It’s not Violence, it’s only Emotional Annihilation!

We have all heard the terms domestic violence and domestic abuse. But what exactly is it? Domestic Violence is a pattern of behavior used to establish power and control over another person through physical and emotional abuse. It is an insidious problem that has gripped our society.

It can happen to anyone, regardless of gender, race, ethnicity, sexual orientation, income, or other factors. Men, Women and children are all victims of domestic violence. A quick look at the national statistics will tell you that 1 in 3 women, 1 in 4 men and 1 in 15 children are victims of domestic abuse. Domestic violence exists in different ways like Physical abuse, Sexual abuse, Financial abuse, Emotional and Psychological abuse.

There are many organizations that are trying to help people especially women and children who are victims of such abuse. But the challenge these organizations face seems to be in identifying these victims? The question they ask: “How can we reach out to them?” In majority of cases, they are identified by family and friends and in some cases, through a phone call to emergency services or hospitalizations. While these methods may have proven beneficial in identifying victims of physical and sexual abuse, it remains a challenge to identify those who are suffering from emotional and psychological abuse.emotional abuse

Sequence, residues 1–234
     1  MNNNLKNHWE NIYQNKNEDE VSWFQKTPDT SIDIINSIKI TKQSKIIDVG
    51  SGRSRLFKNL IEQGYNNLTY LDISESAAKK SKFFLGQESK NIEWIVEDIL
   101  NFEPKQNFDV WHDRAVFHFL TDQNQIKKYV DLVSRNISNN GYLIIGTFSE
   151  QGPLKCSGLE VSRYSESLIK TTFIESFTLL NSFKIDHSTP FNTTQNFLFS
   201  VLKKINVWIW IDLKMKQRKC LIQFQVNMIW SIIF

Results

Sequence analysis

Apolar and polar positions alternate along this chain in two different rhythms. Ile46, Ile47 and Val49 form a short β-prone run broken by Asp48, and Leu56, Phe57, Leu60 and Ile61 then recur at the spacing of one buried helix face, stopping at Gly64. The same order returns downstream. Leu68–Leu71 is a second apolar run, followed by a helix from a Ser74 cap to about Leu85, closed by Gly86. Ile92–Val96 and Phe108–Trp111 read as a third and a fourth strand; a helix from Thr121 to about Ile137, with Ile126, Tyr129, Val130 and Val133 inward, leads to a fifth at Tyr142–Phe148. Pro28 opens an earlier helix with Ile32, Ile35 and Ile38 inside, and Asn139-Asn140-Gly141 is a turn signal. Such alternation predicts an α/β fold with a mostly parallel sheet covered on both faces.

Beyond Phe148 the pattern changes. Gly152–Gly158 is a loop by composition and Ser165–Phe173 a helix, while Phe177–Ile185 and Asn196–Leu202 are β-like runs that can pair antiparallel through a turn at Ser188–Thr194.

Identifying Emotional Abuse

Unlike physical abuse which is visible, emotional abuse is elusive. It is considered more harmful than physical abuse, because it can demoralize what we think about ourselves. The wounds created by this kind of abuse is deep and often reopened. The abuser knows your deepest fears and uses it as their weapon. However, there are some telltale signs that can help identify this kind of abuse.

Topping this list – Humiliation, Degradation, Criticizing and Negating

  • An abuser will be constantly putting you down in front of others and when asked they claim to be “just joking”! The key word here is “constantly” which means that it is a pattern.
  • They use sarcasm as a way of “teasing” you and to degrade you or your feelings. This ensures that you end up feeling bad about yourself!
  • Your opinions or suggestions are ridiculed and met with “pfft….yeah as if you know better!” kind of remarks.

Next on the list – Domination, Control, Lack of Respect

Deal-with-Emotional-Abuse

  • You are made to feel like a child. They make you believe that you are helpless on your own. You always display “inappropriate behavior” and need to be reprimanded!
  • You are told time and again that you cannot make “good” decisions and that it must be made for you. You need to get “permissions” for everything – even to spend your own money!
  • There is absolutely no respect for your aspirations, your dreams and hopes for the future. Indeed they are met with condescending comments.
  • Your accomplishments are always depreciated, and you are reminded that your achievements are always inferior to theirs!

Self-Victimization – They are the Victims!

  • You are repetitively reminded that you are the reason for their unhappiness and how much they have to put up with “You”!
  • They blame everyone else for their problems, but never accept their culpability.
  • They vehemently deny their emotionally abusive behavior when confronted.

Emotional Distancing, Abandonment, Lack of Empathy